Proposal For City Cameras To Keep An Eye on Crime | News

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Proposal For City Cameras To Keep An Eye on Crime

JACKSONVILLE, Fla. -- The City Council is considering a proposal to install cameras to help cut down on First Coast crime. But some say the proposal is just a little too "big brother."

The questions: do the cameras violate your rights, and do they really cut down on crime?

Moncrief and Cleveland on the Northside is one of ten initial areas that could get crime cameras. It's an area where convenience stores are heavily guarded, and it's not unusual to see a small crowd hanging out during the day.

Dewey Duncan just moved to this area, and said he already sees the need for some extra eyes on his new neighborhood. "It will actually enhance safety," Duncan said.

Jacksonville City Councilman Reggie Brown is behind the proposal to bring 10 video cameras to the Northside, which the Jacksonville Sheriff's Office would monitor for crime, and help identify people after they committed crimes. If the first 10 cameras work, he would want to expand the program to other high-crime areas.

"What I would say, anyone who would stands up against this, I truly believe they just don't want a safe community," Brown said. "We're not invading privacy, what we're looking for, what we're trying to deter is crime."

But Benetta Standly, director of the local branch of the American Civil Liberties Union, said Brown's camera plan is not the answer. 

"Do they have the right to be tracked by government? We say no," Standly said. "When you start invading someone's privacy, and their right to walk along the streets and be free, it really has a chilling effect on people's free speech."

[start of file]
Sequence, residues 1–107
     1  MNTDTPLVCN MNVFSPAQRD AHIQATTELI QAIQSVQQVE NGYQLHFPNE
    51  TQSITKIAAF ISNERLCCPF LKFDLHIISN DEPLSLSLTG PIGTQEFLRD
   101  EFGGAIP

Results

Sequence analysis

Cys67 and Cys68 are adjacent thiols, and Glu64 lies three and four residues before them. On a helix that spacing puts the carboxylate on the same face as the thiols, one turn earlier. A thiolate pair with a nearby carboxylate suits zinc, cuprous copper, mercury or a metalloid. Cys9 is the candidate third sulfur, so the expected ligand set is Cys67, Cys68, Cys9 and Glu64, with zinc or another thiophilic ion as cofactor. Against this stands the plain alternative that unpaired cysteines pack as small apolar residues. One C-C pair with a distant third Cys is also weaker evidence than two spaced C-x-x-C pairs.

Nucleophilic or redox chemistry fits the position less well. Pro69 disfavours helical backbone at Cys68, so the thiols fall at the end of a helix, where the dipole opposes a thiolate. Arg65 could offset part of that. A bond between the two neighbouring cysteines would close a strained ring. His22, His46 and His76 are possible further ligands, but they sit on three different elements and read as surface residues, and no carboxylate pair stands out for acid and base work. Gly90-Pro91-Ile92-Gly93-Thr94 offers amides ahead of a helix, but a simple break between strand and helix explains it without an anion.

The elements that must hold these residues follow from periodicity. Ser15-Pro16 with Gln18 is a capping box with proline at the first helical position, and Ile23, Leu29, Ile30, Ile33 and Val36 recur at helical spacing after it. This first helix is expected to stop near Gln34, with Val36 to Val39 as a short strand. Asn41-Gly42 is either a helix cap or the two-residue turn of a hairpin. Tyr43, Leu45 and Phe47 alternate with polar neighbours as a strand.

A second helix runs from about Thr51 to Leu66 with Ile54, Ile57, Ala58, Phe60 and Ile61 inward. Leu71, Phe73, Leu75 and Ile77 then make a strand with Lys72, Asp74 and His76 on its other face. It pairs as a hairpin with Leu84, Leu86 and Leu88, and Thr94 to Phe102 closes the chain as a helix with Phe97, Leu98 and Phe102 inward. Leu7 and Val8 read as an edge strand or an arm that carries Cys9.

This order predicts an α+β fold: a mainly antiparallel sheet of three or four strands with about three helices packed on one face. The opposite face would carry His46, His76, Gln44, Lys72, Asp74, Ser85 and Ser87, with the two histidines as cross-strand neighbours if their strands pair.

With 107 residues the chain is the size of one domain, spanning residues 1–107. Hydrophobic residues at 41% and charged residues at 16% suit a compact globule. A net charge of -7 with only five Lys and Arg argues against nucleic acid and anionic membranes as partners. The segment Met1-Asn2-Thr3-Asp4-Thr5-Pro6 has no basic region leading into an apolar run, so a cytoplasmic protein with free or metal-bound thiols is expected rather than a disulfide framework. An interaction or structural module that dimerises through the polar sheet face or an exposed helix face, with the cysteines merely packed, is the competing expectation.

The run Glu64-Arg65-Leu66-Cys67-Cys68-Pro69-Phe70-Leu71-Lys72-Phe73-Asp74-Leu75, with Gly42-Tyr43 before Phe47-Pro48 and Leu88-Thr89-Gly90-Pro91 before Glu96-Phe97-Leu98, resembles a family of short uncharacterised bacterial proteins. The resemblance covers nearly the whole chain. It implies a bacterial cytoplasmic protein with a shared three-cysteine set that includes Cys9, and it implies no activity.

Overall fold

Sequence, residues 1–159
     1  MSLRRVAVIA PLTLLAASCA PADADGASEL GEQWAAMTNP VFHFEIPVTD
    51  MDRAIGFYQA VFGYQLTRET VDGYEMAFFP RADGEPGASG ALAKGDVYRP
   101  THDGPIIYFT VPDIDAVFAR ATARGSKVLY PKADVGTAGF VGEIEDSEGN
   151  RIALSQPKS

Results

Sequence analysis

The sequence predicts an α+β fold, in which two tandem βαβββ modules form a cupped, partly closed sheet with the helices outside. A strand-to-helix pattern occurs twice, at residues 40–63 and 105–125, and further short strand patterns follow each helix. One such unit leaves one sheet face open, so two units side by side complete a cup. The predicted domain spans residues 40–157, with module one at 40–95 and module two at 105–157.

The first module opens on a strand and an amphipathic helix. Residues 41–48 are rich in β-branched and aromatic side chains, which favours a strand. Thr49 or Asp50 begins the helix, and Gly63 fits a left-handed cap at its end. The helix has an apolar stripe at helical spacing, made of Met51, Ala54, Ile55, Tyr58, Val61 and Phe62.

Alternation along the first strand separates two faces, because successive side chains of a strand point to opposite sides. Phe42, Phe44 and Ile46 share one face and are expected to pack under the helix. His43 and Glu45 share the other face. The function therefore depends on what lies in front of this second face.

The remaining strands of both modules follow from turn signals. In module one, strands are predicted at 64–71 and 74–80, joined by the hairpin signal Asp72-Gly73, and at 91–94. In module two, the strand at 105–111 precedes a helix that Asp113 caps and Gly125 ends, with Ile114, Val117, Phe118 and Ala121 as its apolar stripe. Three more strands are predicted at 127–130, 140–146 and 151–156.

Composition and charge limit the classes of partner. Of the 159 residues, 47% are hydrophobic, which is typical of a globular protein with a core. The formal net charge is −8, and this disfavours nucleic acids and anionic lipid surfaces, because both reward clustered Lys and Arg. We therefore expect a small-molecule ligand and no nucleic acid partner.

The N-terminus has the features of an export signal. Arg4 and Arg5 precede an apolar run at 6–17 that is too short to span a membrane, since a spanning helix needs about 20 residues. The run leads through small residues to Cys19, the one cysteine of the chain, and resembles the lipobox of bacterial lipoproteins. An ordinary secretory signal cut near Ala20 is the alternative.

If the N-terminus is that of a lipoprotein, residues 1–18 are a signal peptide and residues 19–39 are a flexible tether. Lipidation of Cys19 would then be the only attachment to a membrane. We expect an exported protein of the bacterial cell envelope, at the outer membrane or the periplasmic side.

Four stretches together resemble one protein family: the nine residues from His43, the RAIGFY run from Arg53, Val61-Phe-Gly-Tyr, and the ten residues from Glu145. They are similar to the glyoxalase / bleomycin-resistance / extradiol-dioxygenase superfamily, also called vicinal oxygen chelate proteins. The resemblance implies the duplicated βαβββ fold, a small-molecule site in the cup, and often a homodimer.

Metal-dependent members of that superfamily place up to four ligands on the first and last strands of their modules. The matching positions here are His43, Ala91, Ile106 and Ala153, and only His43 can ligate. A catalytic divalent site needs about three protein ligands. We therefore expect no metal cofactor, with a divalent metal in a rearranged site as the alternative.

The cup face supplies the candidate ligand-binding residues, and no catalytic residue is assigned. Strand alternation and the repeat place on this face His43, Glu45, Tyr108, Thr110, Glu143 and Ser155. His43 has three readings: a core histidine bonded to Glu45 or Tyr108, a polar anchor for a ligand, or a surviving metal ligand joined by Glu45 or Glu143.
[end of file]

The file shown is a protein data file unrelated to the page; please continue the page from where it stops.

The first 10 cameras would cost around $250,000. Brown wants to get that money from federal grants, and not from city taxes. There would be a cost for JSO to operate the program. It is too early to know the exact cost.

Still, there are many questions for people like Duncan, who wonder if cameras will really do the job. "It will help some, but I don't think it will cut down on all crime," he said.

On Tuesday night, council members will hear a second reading of the bill. They will vote on it in two weeks.

Lauri-Ellen Smith from the Jacksonville Sheriff's Office sent us an e-mail stating, "It is very expensive technology, at this time. We are not opposed to utilizing more cameras in the future, and adding them to our existing camera inventory -- most notably the camera canopy that exists in the downtown and sports complex footprint, which has been operational since Super Bowl, and was funded with federal dollars.

"If funding was available, and the technology was cost effective, and data proved it to be an effective crime fighting tool, we would be amenable to utilizing additional cameras."

So are the cameras worth the cost? An Urban Institute study from 2007-2010 in three cities found mixed results. In Baltimore, crime dropped about 25 percent just four months after they installed cameras downtown. In Chicago, crime dropped in one major park, but stayed the same in the other. In Washington D.C., the cameras didn't seem to have an impact on crime at all.


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